Together with her call for a return to “social norms” against “queer culture,” Keith wants a total elimination of all categories of gender. Gender, for Keith, is a construct of societally embedded patriarchy. By annihilating gender, people will be able to free themselves from expectations of masculinity and femininity, she claims. All people who take on gender identities are “genderists” according to Keith and her ilk of self-described “Radical Feminists” (RadFems).
The worst kind of “genderist” for Keith is a “transgenderist,” a person who identifies as being of the opposite gender. Instead of taking the social constructivist view that subversion of rigid gender and sexual identity categories exposes sex/gender as a construction, Keith grows oppressively rigid about appropriate and inappropriate performances of and identifications with gender identity. For Keith, a trans woman is still a privileged male and thus a dangerous oppressor of women, in spite of the disproportionate level of assaults, threats, harassment, and murder of trans people in the US.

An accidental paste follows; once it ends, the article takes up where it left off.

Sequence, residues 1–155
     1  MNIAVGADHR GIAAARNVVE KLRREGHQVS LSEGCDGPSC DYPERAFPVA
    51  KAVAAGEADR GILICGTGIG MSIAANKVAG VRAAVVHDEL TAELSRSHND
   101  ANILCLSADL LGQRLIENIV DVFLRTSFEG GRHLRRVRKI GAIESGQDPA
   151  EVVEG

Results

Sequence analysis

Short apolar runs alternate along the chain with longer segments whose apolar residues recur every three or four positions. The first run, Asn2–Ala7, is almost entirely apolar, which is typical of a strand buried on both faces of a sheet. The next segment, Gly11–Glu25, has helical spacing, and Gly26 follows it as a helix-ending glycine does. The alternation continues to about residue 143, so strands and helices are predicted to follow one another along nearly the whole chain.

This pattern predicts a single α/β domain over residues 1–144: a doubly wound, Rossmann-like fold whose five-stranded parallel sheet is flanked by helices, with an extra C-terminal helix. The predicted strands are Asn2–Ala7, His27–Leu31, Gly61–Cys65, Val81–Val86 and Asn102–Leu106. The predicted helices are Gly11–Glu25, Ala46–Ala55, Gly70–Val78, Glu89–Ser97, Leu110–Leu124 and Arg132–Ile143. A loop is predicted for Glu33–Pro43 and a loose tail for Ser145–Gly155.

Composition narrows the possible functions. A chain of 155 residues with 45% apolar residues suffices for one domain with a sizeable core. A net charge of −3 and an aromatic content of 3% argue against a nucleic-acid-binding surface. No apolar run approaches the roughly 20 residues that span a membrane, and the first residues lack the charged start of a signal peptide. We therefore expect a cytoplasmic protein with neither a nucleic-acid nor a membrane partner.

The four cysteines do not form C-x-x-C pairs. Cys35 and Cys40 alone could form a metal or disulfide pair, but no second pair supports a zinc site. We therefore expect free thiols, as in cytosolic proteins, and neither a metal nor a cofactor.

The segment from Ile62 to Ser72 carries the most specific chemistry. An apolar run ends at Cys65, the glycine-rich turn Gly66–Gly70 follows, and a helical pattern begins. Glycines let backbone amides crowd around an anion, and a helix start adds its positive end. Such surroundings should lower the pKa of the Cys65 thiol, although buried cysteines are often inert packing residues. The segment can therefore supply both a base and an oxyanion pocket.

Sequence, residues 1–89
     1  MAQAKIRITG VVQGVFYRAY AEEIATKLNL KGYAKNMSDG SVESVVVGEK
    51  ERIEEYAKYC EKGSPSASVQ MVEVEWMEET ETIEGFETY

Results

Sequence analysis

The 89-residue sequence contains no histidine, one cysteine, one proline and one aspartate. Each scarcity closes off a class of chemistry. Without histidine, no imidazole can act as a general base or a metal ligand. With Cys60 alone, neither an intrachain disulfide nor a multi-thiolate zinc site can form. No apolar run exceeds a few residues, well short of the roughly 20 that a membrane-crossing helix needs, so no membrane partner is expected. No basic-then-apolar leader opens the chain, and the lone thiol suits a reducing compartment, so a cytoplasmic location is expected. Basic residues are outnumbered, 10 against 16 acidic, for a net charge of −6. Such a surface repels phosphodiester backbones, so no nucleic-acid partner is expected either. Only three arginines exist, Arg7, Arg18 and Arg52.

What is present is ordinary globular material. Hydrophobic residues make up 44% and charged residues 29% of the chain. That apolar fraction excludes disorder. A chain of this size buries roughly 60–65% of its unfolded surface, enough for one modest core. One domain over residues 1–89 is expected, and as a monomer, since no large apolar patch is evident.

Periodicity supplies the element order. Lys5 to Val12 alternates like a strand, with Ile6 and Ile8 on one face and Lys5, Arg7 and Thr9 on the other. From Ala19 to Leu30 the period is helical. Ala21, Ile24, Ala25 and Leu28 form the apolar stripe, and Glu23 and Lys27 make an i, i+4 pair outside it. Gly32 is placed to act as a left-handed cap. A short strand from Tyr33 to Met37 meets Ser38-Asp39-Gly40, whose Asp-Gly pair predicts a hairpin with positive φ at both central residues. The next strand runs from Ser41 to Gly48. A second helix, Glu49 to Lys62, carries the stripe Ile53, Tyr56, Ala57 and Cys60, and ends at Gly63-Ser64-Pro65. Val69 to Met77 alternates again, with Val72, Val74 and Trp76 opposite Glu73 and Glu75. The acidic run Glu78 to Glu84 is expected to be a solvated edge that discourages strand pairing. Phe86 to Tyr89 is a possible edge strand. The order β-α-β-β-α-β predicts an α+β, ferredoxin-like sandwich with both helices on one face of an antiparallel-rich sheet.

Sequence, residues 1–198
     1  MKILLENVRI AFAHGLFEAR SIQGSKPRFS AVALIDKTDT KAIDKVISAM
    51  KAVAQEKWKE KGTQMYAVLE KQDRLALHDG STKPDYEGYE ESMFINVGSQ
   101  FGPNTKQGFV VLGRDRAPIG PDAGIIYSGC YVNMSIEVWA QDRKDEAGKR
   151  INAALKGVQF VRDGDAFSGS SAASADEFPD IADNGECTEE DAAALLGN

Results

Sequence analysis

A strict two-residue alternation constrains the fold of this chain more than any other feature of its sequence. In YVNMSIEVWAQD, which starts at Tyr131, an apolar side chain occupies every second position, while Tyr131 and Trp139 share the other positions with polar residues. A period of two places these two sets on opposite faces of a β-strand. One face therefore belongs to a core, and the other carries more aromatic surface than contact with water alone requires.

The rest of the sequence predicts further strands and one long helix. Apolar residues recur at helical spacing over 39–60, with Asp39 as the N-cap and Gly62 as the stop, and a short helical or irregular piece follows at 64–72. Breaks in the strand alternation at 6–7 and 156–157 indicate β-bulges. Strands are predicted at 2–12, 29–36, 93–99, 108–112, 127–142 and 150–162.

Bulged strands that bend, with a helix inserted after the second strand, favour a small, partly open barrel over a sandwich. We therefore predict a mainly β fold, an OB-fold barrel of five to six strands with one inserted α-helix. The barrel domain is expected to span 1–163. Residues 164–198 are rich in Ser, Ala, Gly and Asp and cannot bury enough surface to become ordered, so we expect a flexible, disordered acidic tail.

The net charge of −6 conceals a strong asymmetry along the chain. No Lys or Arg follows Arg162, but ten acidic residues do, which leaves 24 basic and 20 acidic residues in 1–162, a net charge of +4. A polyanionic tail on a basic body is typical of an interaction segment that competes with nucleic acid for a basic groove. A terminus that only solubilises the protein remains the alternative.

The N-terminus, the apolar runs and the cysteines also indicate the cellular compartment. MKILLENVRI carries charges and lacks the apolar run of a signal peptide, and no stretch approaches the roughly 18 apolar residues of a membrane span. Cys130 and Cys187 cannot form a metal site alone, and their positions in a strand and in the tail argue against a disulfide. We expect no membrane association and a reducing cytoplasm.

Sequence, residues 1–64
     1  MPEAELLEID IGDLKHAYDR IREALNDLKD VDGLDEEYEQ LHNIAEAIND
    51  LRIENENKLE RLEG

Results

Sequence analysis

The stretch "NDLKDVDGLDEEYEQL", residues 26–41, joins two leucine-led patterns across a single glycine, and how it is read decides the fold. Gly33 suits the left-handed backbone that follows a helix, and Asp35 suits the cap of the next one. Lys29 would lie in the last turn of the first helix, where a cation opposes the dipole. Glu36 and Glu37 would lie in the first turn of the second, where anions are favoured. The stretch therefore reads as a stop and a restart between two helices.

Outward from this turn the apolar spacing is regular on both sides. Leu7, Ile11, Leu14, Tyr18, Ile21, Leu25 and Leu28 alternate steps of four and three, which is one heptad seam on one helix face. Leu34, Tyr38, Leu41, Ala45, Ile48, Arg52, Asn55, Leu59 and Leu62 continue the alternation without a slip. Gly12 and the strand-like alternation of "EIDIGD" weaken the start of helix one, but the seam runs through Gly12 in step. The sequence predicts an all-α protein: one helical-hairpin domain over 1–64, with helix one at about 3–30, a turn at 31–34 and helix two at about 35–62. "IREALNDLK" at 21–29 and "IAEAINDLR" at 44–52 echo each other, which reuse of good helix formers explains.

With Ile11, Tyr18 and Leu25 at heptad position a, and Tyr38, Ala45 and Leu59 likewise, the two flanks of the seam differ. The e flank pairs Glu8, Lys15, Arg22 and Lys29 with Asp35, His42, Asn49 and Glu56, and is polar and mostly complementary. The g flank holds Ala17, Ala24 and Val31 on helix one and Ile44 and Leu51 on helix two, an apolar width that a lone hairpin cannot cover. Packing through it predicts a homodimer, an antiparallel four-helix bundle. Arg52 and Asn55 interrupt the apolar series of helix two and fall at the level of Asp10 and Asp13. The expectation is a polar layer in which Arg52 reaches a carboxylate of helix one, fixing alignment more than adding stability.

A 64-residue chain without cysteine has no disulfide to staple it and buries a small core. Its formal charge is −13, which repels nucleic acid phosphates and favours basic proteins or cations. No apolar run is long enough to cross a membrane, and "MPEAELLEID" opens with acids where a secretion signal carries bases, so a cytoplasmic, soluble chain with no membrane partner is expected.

There is a certain de facto biologism underlying these views on gender. Instead of subversion of gender identities and positions, she presumes a pre-cultural body existing outside gender. The problem is, simply enough, not everyone embraces the binary construct of either accepting the gender category assigned to their “natural” body or rejecting gender entirely. Shouldn’t people have the right to express themselves freely in this regard, or is that just a form of hedonistic false consciousness? Sadly, this is where DGR’s punishingly hostile tone becomes especially reactionary, shifting into sardonic mockery of anyone they deem as deviant from their morality that is distinctively driven by ideologically confusing and reactionary gender politics.
Last year in Portland, Oregon, a friend who is an Earth First!er, trans activist, and professional doula was “outed” on a transphobic website linked to DGR, forcing her to flee town due to fear of both personal and professional reprisals. This is in keeping with the tactics proposed by Keith since at least the late-1990s, when she published an article in the RadFem newspaper, Rain and Thunder, calling for taking “direct action” against trans women attempting to use the ladies’ restroom. We take violence seriously enough to call DGR’s bluff on their oscillating ethical apparatus of concerns regarding violence.